The substance of a NOLS course has been astonishing. We’ve covered so many different topics, in such a dynamic environment. Our instructors have been amazing in their ability to tease lessons out of the day’s events, blending the day’s experience with education. And that, I believe, is the magic of experiential education. These are lessons we’re learning, in real time, with oversight from people who have the technical skills to impart knowledge, but who are pedagogically savvy enough to teach esoteric topics like leadership and communication against the backdrop of the outdoors. They are gifted educators, with different, complimentary styles.
We’ve covered technical courses like how to pack a backpack. We’ve learned what is expected of us as participants, and how active participation is just as much part of being a leader as being “Leader of the Day.” Yet we’ve also covered theoretical concepts like the normative values we want to adopt for our community, goal setting, communication filters, and feedback loops. And as an added bonus, I’ve been provided with with suggestions for more books to read about leadership than I’ll have time for!
The Rest Step – A Metaphor for Life
The hike today was more strenuous. We focused on the “Rest Step” – letting our skeletal systems absorb the load while allowing our muscular systems a brief respite on every step throughout the hike. This also gave us an opportunity to hike slower, and to absorb and truly appreciate the natural beauty around us. With a longer hike, we learned that a harder day helps to build confidence as we move outside of our comfort zones to challenge ourselves.
Ethics Versus Rules – Either Way, Leave No Trace
Our group moved a little slower today, and when we arrived at Buckskin Lake the other group had already set up camp. We settled in for the evening to learn about Leave No Trace Ethics, where we highlighted the differences between and ethic and a rule (gotta love having a philosopher as a NOLS instructor). Ethics, we learned, are something you do when no one else is looking. The quintessential example is pooping in the woods – Mother Nature is the only one watching – did you did that cat-hole 6 to 8 inches deep?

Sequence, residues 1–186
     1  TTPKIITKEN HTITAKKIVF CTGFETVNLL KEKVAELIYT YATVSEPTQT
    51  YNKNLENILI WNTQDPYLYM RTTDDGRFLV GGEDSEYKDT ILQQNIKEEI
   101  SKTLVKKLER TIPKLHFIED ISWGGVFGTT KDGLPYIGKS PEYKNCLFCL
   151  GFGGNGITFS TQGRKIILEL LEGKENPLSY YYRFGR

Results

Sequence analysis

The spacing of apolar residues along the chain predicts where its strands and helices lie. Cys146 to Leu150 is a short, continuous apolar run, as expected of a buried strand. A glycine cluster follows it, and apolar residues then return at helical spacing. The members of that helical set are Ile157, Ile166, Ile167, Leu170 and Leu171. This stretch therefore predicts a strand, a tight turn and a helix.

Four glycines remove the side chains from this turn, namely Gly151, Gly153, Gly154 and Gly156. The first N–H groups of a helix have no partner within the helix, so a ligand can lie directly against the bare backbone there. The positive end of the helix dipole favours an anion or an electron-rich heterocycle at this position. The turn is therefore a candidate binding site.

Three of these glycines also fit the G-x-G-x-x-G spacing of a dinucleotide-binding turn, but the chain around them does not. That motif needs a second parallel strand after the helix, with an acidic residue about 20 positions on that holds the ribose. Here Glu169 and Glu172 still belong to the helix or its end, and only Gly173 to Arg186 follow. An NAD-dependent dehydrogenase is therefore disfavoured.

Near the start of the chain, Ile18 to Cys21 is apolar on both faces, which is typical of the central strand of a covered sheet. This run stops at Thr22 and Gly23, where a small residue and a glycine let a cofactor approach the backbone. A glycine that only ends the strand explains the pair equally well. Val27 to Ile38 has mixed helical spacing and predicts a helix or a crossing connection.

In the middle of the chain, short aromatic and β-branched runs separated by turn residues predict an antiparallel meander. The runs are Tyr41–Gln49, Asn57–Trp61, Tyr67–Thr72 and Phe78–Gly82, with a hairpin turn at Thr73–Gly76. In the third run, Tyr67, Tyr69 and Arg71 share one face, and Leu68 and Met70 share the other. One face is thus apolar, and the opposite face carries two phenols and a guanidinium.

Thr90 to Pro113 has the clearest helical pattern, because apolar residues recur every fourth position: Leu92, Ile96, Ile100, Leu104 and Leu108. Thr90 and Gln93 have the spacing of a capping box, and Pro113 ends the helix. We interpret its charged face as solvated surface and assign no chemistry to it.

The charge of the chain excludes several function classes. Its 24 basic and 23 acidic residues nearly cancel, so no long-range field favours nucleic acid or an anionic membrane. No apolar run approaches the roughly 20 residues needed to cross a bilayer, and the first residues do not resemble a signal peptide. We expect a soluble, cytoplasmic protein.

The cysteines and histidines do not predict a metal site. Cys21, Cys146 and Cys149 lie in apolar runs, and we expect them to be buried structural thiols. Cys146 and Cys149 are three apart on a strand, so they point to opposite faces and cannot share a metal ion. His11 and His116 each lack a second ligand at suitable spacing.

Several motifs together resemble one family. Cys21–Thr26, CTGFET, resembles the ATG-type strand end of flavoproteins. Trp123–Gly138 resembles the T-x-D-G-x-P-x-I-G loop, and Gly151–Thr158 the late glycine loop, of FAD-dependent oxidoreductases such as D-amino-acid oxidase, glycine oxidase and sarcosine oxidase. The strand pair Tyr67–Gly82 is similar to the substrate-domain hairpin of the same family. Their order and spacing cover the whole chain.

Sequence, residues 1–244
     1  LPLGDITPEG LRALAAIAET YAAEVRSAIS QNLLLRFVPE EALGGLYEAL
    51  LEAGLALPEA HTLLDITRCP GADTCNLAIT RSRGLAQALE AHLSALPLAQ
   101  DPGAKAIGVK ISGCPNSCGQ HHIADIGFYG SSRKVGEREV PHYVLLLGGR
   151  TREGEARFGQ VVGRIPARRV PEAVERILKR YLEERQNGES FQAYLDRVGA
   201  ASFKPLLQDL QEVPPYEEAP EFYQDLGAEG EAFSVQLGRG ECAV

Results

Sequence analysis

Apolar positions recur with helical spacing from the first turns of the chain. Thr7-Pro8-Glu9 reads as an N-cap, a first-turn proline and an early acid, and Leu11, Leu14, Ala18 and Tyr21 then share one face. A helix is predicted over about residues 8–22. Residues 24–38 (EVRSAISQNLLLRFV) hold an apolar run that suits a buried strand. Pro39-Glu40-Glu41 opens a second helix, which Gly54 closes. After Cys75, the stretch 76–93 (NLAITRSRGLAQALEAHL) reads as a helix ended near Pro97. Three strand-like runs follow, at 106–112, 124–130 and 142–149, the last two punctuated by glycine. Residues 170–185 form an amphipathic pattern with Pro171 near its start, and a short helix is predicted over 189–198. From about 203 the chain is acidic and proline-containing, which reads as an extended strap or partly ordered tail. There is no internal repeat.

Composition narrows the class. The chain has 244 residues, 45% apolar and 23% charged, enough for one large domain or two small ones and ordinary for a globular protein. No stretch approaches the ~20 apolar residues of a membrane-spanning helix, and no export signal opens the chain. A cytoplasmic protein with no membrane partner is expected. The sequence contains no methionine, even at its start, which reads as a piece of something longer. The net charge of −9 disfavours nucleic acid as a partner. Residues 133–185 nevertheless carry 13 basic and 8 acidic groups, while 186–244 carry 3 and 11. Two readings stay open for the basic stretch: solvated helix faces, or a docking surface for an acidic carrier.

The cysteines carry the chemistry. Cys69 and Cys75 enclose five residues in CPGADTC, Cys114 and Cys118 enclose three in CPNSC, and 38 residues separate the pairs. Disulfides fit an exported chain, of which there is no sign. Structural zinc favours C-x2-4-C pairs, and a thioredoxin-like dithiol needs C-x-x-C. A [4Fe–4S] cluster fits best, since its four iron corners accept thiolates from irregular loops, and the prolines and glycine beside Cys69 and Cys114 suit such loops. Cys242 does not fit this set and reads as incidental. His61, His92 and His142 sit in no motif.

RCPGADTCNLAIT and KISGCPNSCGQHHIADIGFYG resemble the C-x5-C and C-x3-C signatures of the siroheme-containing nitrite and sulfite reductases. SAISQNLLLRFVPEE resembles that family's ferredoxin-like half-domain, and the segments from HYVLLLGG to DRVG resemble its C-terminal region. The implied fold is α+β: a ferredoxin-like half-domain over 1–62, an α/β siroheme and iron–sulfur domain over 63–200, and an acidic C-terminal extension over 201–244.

Buckskin – A Ridge and a Lake
We traveled through an evergreen forest and crested Buckskin Ridge, which provided breathtaking views of the North Cascades. During the descent I began to grapple with the fact that our trip was almost half over, and began to wonder what it would be like to go home. I began thinking about the future – my future – and what I want it to look like. With every step, my vision became progressively clearer. My love for being outside was cemented, and I realized that I found something I am passionate about. My vision of what I want the next few years of my life to look like was coming into focus, and the specifics of a plan were coming together.